Happy Birthday, America

Now go and light up some fireworks, eat some good ol’ Murkin food (tacos?) and have a good time in general.

Because in the not too distant future, we may have some work to do.


Or, more likely:

Just sayin’.

Thought Experiment

If you could be transported back in time to any five historical events, which ones would you choose to witness?

Assume that it would be in your mind’s eye only, so you could not be involved in, change or be physically affected by the event, and you could come back to the present at any point you wished.  Also assume, though, that you could take photographs (or videos) to prove that you were there and what you saw.

Mine are below the fold.

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Wings Of Clay

…or, an unvarnished look at the WWII German Messerschmitt 262.

Along the way, this screamingly-funny chap slaughters all sorts of sacred cows, e.g. that the Me262 could have won the war for the Nazis, that Albert Speer was a genius, that German technology was superior to that of the Allies, and that Herman Goering was an incompetent asshole.

Okay, that last one happens to be true, as historian Lord HardThrasher sets about him with a cricket bat, calling most of history’s revered sources a pack of liars and completely debunking the myth of Germany’s technocrats, e.g. Willi Messerschmitt (yeah, the guy who designed the Me109).

Along the way, he proves that Allied bombing actually worked better than today’s naysayers would have you believe, and that bad things happen when you allow the reigns of power to be wielded by simpletons and incompetents.

But you all knew that.

There is plenty of bad language, but as Readers of this here website, you should be used to that by now.


On this day, a few years ago:

Not that we’re still angry about it, or anything — or else Toyota wouldn’t still be the top-selling automotive brand in the United States.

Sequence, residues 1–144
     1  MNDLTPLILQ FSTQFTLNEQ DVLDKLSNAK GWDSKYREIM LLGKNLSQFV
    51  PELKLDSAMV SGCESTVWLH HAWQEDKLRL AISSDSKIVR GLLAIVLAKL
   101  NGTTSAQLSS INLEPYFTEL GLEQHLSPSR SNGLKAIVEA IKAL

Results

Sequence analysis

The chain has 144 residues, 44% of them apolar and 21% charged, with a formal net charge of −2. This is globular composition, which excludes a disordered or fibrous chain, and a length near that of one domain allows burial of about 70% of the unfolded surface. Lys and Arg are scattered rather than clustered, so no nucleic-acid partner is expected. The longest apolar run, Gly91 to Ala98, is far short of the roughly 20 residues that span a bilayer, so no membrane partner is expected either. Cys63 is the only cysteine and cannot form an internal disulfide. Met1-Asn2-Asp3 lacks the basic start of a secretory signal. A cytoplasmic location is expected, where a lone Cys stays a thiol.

Reading Matters

For some reason, I’ve recently been reading French History, because why not?  I don’t know how it got started, but it did: and once started, I couldn’t stop.  Here’s the bibliography, so far.

The Collapse of the Third Republic — William Shirer

The Franco-Prussian War — Michael Howard

Dawn of the Belle Epoque — Mary McAuliffe

The Vertigo Years: Europe, 1900-1914 — Philipp Blom (re-read, because it’s brilliant)

The Marne, 1914: The Opening of World War I and the Battle That Changed the World — Holger H. Herwig (told from the German side)

The French Army and the First World War — Elizabeth Greenhalgh

France and the Après Guerre, 1918–1924 — Benjamin F. Martin

La Belle France: A Short History — Alistair Horne (I’m still busy with this one;  I’m only up to the succession of Henry II in 1547, so still a way to go.)

On deck:  France On The Brink — Jonathan Fenby

Yeah, that’s what’s been keeping me busy over the past three weeks.  All are well recommended except the last one (because I haven’t read it yet).

One last note:  I cannot recommend The Vertigo Years highly enough.  When people talk about the social- and psychological dislocation of the Information Age, you have to know that we’ve experienced it before:  when the Age of Speed dawned, in around 1900.  If you read no other book from the above list, this is the one.

From The Archives

Seen SOTI, this intriguing little question:

Note too the reference to Cuba.  Then this:

Someone tell James Cameron… and speaking of getting it wrong:

Still asleep, apparently.


Given the newspaper, I’m amazed they didn’t lead with “Connally Shot” and only then in the sub-head: “Kennedy Caught In Cross-Fire”.

Good times, good times.